The event will include the launch of the new Trout in the Town Urban River Toolkit, and a range of inspiring speakers. There’ll be plenty of time to mix with fellow urban river menders, as well as opportunities to explore the local River Tame (reputedly one of the most microplastic-polluted rivers in the world) and sample some nearby urban fishing.

We also hope to be able to offer bursaries to help with the costs of accommodation and travel.

Wild Trout Trust Conservation Awards 2019

Posted on June 23, 2019

Wild Trout Trust Conservation Awards 2019

Applications are open for rivers trusts, angling clubs, other conservation groups and government agencies to apply to the Wild Trout Trust Conservation Awards 2019, seeking to recognise and encourage excellence in wild trout habitat management and conservation. There are two Awards:

  • Outstanding Habitat Improvement Project: we’ll consider practical, in-river projects of all sizes, looking for the very best one producing benefits for the river, its environs, wild trout and for people. Projects could be multiple-benefit, river restoration-type work or single elements such as a weir removal, delivered by government agencies, river or wildlife trusts, local angling clubs or a partnership team.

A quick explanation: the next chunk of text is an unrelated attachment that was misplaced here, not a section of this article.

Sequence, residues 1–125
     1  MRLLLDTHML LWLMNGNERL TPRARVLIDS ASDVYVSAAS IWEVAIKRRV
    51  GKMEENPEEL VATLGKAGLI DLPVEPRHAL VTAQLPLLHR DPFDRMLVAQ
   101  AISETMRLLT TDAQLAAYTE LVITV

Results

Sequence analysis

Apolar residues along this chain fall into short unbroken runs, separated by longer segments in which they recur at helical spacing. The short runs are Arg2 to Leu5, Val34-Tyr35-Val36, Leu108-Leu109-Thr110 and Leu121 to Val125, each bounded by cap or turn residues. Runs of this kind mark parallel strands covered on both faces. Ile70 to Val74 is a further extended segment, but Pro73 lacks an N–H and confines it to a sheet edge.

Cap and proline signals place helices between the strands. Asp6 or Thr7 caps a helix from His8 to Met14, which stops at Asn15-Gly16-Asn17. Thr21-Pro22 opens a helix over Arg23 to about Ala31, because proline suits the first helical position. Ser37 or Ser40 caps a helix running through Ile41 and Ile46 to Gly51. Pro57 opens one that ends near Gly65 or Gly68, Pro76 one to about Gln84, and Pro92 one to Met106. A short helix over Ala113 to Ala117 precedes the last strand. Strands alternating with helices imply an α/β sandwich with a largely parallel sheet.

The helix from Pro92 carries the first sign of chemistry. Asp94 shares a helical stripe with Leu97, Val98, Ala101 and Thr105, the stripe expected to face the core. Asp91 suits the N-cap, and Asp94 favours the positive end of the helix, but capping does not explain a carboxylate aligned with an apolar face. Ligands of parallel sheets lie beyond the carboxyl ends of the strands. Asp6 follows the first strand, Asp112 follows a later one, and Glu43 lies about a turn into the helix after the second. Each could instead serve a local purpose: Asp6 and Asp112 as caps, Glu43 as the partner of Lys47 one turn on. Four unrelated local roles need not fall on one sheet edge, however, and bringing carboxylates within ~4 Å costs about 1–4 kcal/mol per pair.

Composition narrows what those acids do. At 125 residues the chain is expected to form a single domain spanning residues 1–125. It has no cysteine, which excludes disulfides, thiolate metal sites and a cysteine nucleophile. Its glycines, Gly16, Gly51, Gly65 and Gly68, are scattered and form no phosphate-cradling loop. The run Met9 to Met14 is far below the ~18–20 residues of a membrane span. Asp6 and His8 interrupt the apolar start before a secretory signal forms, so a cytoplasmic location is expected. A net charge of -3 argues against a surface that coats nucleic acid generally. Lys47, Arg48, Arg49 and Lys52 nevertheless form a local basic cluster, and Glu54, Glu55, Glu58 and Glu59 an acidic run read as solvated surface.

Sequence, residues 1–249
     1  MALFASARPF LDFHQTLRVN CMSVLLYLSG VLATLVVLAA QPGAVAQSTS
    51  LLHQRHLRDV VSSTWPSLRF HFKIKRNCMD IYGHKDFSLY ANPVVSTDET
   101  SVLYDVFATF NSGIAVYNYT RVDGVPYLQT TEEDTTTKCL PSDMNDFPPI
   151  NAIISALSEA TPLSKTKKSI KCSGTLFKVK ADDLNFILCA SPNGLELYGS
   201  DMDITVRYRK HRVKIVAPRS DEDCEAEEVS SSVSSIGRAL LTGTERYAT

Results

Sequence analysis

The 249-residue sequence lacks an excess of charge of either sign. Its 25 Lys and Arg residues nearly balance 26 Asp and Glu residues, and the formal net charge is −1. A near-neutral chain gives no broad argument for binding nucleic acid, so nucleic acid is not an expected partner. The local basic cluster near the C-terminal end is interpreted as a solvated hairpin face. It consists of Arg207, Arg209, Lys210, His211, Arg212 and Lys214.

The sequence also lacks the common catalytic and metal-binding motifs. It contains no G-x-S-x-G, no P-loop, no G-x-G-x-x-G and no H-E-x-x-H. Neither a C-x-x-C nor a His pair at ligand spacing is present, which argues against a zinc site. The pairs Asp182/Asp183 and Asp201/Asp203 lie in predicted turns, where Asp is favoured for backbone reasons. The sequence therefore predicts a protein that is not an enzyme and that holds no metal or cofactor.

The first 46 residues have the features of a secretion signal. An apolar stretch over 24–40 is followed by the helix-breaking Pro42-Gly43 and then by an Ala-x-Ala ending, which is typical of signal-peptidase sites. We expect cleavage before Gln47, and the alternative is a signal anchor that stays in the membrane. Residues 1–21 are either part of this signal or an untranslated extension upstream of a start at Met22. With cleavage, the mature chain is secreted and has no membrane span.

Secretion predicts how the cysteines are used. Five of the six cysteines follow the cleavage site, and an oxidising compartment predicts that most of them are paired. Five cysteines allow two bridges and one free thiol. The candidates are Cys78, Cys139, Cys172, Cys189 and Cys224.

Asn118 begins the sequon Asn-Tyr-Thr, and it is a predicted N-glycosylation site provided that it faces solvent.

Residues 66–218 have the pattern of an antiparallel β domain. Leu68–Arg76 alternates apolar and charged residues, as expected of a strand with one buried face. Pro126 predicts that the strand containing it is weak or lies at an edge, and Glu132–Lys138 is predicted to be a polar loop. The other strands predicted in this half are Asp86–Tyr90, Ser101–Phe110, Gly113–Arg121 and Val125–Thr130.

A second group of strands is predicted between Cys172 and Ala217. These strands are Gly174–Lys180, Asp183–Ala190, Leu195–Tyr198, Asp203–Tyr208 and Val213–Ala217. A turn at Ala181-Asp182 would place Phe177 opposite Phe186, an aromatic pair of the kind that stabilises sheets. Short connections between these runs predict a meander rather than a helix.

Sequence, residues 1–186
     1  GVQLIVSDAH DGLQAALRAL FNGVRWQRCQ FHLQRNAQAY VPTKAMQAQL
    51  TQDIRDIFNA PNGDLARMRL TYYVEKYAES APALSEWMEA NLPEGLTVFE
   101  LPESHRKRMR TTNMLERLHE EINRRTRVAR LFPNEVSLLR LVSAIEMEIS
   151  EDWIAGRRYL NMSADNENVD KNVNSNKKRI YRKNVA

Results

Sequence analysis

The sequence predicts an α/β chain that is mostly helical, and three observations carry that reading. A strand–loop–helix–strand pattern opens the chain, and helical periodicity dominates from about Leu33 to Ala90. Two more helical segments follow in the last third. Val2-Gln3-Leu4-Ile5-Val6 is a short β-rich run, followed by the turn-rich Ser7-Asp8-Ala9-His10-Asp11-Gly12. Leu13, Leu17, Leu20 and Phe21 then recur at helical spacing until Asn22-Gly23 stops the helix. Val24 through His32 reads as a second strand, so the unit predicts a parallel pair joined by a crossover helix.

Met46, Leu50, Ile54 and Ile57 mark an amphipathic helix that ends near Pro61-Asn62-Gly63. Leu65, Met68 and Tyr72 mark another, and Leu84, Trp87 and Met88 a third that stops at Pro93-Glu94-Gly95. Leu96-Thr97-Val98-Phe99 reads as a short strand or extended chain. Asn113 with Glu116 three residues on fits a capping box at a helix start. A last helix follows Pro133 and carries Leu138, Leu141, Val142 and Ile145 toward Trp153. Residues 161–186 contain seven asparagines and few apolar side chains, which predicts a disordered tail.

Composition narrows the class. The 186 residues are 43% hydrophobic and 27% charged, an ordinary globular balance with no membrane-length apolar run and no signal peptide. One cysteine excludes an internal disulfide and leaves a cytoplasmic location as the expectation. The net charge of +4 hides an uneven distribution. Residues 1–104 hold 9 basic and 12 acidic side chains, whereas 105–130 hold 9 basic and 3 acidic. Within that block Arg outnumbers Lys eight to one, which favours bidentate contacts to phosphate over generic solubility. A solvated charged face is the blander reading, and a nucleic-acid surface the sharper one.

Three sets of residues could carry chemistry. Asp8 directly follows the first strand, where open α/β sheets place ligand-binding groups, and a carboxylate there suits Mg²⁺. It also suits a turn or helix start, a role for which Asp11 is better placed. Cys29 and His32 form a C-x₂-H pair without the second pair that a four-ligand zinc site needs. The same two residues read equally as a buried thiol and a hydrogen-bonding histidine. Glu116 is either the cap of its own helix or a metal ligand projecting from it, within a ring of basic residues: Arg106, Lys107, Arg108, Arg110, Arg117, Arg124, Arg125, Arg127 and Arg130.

• Outstanding Contribution to Wild Trout Conservation: we’ll consider smaller-scale habitat improvement projects for this category but we’re also keen to hear of other work that’s good for wild trout. For example, how an angling club has changed the management of its fisheries and anglers, perhaps reducing or stopping stocking and encouraging catch-and-release.

There’s more information and a simple application form here with a deadline for applications of 31 July 2019. Short-listed applicants will be interviewed by phone later in the summer, ahead of an Awards event in London on 16 October 2019.

We’re also looking for one person as our 2019 trout super-hero, someone who’s gone that bit further for wild trout conservation: the Wild Trout Hero (for professionals such as riverkeepers or fishery scientists) or the Bernard Venables Award winner for those working in a voluntary capacity. E-mail your super-hero nomination to Shaun Leonard of WTT at, before 31 July 2019.